CUTHBERT Dube's stint as group chief executive officer of Premier Service Medical Aid Society (PSMAS) finally came to an end last month although he is challenging the move, The Standard heard yesterday.
After his retirement by the PSMAS board, Dube had continued to report for duty and occupying his office, sparking speculation over the goings-on at the institution.
Dube has been at the helm of PSMAS since 1992. He joined the group as internal auditor in 1986.
Cosmas Mukwesha, PSMAS group legal secretary and secretary to the dissolved board told The Standard that Dube had gone on a pre-retirement leave which ended on February 28.
"As far as the board is concerned he [Dube] effectively retired at the end of February," he said.
Mukwesha said Dube and his lawyer Jonathan Samkange had a different interpretation of what was obtaining and wrote to PSMAS insisting that Dube was still the group chief executive officer.
"He has communicated to the board. I received that communication from the lawyer," he said.
Dube is in the eye of a storm following revelations that he was earning over US$500 000 monthly in salary plus allowances at a time the society was failing to pay service providers.
This resulted in members being turned away from hospitals.
Samkange of Venturas and Samkange law firm insisted his client was still part of the executives at PSMAS.
"He is still there. He is the chief executive officer but on leave. PSMAS said he had accrued too many leave days and he had to take some," Samkange said.
In January, PSMAS board announced that it was retiring Dube alongside board chairperson Meisie Makeletso Namasasu.
The remaining board later dissolved itself after it emerged that they had also benefitted from the gravy train with some pocketing nearly US$300 000 annually in sitting allowances.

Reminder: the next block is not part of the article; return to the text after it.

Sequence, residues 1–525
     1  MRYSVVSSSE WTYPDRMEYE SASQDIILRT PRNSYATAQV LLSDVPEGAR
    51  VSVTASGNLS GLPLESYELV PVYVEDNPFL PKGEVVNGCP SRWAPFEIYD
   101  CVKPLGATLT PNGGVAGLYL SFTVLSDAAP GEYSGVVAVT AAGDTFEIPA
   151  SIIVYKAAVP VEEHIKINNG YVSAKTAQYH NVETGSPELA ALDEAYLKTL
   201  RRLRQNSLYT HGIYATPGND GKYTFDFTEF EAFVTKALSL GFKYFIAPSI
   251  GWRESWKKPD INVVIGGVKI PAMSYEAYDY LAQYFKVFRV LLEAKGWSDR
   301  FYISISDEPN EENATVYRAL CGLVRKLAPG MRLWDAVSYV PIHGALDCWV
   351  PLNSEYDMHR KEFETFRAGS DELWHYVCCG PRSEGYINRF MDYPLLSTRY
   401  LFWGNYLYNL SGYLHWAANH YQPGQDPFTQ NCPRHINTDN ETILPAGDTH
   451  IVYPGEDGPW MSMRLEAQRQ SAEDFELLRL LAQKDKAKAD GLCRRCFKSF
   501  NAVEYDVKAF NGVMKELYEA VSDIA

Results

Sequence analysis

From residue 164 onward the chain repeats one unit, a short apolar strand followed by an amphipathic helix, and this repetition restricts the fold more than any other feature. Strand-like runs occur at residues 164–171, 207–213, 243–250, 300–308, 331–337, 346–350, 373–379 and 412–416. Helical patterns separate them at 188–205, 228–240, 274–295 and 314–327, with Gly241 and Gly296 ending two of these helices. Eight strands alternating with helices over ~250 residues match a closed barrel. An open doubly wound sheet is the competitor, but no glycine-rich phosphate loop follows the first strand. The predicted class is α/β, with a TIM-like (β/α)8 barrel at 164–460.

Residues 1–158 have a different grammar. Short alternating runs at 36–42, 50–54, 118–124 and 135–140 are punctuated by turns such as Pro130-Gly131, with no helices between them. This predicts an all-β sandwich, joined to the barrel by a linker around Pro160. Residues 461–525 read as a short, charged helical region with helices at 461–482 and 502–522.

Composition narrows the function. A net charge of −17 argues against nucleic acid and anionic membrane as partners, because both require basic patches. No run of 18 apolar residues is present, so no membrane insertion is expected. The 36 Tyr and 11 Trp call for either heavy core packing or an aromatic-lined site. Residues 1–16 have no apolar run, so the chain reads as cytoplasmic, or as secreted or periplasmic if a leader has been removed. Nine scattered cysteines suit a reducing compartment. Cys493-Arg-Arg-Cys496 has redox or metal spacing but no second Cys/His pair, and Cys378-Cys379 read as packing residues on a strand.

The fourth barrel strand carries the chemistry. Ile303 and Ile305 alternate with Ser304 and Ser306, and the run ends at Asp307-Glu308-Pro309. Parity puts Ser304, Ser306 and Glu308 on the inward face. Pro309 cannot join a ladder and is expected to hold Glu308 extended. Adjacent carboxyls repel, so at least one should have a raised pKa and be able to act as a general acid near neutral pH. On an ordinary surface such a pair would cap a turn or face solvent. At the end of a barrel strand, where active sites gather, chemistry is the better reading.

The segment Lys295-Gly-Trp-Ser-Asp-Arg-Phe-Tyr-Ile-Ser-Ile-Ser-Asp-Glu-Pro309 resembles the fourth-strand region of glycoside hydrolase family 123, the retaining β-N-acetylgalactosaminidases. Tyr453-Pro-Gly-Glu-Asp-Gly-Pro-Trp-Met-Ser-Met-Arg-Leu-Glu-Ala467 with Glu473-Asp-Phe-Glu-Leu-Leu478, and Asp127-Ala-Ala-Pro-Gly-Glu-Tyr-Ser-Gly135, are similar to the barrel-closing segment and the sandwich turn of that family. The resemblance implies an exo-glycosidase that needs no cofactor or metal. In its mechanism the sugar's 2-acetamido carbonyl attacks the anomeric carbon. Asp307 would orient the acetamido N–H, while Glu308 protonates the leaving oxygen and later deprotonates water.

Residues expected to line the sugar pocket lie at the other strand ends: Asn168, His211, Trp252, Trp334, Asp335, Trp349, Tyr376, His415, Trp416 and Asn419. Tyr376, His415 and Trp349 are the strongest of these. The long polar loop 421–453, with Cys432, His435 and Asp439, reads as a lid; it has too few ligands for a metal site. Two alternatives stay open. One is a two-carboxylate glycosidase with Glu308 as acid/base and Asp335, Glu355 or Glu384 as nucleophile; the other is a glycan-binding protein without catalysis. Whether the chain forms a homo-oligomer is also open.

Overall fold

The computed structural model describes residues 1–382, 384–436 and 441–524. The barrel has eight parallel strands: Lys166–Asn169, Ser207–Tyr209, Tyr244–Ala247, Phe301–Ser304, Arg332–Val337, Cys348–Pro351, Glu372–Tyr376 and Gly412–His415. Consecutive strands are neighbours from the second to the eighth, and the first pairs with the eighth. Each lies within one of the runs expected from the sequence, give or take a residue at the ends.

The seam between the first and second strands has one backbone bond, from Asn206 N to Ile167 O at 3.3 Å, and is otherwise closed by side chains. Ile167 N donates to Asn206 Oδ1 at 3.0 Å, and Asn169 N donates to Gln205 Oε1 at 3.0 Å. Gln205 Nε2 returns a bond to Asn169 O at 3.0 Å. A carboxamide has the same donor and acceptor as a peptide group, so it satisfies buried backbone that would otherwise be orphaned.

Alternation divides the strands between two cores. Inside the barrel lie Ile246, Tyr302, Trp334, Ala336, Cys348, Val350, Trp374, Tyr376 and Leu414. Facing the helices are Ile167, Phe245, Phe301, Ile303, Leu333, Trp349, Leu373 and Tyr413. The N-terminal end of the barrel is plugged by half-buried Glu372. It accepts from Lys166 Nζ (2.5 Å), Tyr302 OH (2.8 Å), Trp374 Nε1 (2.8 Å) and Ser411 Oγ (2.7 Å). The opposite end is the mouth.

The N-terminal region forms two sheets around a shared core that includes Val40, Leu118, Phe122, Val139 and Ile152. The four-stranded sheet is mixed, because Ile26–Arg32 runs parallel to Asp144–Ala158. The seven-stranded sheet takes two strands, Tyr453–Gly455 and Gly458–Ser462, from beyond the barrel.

While the former PSMAS board said Dube had been retired, the government insisted he had been fired after his abnormal salary got into the public domain.
Dube's hefty salary together with those of parastatals such as ZBC drew the ire of ordinary people who felt that the executives were living large at a time the majority people in the country were finding it hard to put food on the table.
Last week Finance minister Patrick Chinamasa announced that cabinet had set the salary ceiling for chief executive officers of parastatals and public institutions including PSMAS at US$6 000.
But Dube's lawyer, Samkange said PSMAS was a private limited company where government had no shareholding.
"The only interest government has in PSMAS is through the Public Service Commission where some of the subscribers are civil servants. End of story," Samkange said.
"I know they won't do that [cutting Dube's salary]."
Samkange said Chinamasa must be honest and concentrate on the real issues where chief executive officers were bleeding loss-making parastatals by drawing fat salaries.
Samkange said Chinamasa could have been misled into believing that PSMAS was a parastatal.
Under Dube's leadership, PSMAS was transformed from being a solely medical aid society for government employees to accommodate subscribers from the private sector.
Dube chaired the boards of hospitals and foreign units under PSMAS wings.